“If one is to hallow the diminishment of loss of persona it is necessary to build a second career or to fill one’s life with interesting, new, self-appointed work” (On Hallowing One’s Diminishments, John Yungblut). Could raising chickens be the new self-appointed work I need to feel better? Is that why I’ve been dreaming about chickens? There is a quiet satisfaction in gathering warm eggs, of tending to another creature’s needs.
Could I raise chickens in our backyard? I started research on my laptop, reading backyard chicken-raising forums and poring over chicken coop designs. I also read every book about eggs I could get my hands on.
From Alexis and Anastasia Romanoff’s The Avian Egg: “Among many groups of people, chickens are kept only for purposes of magic and divination. The Polynesians and Melanesians believe that eggs, when carefully gathered and broken ceremonially, have the power to augur future events.”
The first Fabergé egg was a gift to cheer a melancholy wife. In 1886, Russian Emperor Alexander III commissioned the “Hen Egg” for his wife, Empress Maria Feodorovna. The trinket’s opaque white shell contained a matte gold “yolk,” which cracked open to reveal a hen with cabochon ruby eyes, holding a sapphire necklace in her beak.
Did this extravagant gift make Empress Maria happy? Was she sad because her marriage hadn’t turned out the way she intended? Her first fiancé, Tsarevich Nicholas Alexandrovich, had died suddenly of meningitis. His dying wish was for Maria to marry his younger brother, Alexander, a husband as consolation prize (Fabergé, Proler, and Skurlov).
Kent and I were so poor we lived off the free pizza I brought home after my shifts and cornmeal mush topped with an egg, sunny side up. For my birthday, Kent gave me the board game Clue. He thought since I’d played it as a child, it would cheer me up. It didn’t. I thought about the object of the game: discovering who’d done it. Isn’t there always a culprit? Which one of us had failed to create a perfect, happy life?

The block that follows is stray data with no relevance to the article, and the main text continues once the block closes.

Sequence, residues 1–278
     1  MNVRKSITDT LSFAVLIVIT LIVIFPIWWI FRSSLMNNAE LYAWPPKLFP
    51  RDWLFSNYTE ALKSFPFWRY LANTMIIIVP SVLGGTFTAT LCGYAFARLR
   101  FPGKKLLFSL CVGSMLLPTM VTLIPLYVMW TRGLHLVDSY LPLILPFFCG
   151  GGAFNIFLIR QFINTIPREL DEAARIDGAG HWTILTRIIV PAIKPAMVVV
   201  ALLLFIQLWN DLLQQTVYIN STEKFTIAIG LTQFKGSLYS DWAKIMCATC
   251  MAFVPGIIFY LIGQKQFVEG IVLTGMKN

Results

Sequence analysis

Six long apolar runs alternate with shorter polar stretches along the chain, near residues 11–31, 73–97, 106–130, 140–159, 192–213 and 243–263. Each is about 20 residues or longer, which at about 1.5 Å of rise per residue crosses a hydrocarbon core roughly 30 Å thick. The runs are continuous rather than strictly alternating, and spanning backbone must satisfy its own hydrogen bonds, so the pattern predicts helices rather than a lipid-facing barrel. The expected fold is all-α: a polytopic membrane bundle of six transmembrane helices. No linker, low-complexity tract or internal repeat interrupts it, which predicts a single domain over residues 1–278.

One afternoon during my shift at PizzaPapalis, I had a panic attack. My heart raced, and stabbing pain shot from my chest down my arm to my fingers, which tingled until they went numb. The fear of losing my job was great enough that I pretended nothing was wrong. Balancing a large pepperoni pizza on my tray, I smiled and put it on the guests’ table. I felt faint, but sheer will kept me from cracking my façade. During a staff meeting, my manager, Brent, who in moments of agitation turned red-faced, told us servers, “You have to be perfect. Always.” He had held a three-inch thick stack of papers in his hands and waved it above his head. “You see this? Every sheet of paper is an application from someone who wants your job. If you’re not perfect, you don’t work here.”
“I think if required on pain of death to name the most perfect thing in the universe, I should risk my fate on the bird’s egg. Egg is all” (Romanoff and Romanoff’s The Avian Egg).
Kent and I sat parked in the near-empty lot of Meijer supermarket. The wind pitched storm clouds through the sky. Tumbleweeds rolled across the blacktop. The car rocked and quivered in the gusts of wind. In the closed space of the Geo Metro, his unhappiness hovered between us. Instead of ignoring it, like I did with the panic attacks, I found the courage to speak.
“You’re not yourself. What’s wrong?” I asked him.
“I have a lot on my plate with school. What’s wrong with you?”
“I hate this place. I have nothing but you, and you’re not even here.” I began crying.
“I don’t know what to tell you, Hon.” He tried to hug me, but my seatbelt got in the way.